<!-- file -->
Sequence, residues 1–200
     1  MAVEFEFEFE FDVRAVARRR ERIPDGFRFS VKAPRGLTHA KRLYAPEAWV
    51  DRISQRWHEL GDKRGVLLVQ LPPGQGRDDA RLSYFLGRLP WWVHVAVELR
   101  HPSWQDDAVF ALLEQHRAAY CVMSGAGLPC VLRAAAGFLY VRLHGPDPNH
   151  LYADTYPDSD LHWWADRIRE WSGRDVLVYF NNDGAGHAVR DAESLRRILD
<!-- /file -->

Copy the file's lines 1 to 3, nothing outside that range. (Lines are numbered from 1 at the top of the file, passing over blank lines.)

Sequence, residues 1–200
     1  MAVEFEFEFE FDVRAVARRR ERIPDGFRFS VKAPRGLTHA KRLYAPEAWV
    51  DRISQRWHEL GDKRGVLLVQ LPPGQGRDDA RLSYFLGRLP WWVHVAVELR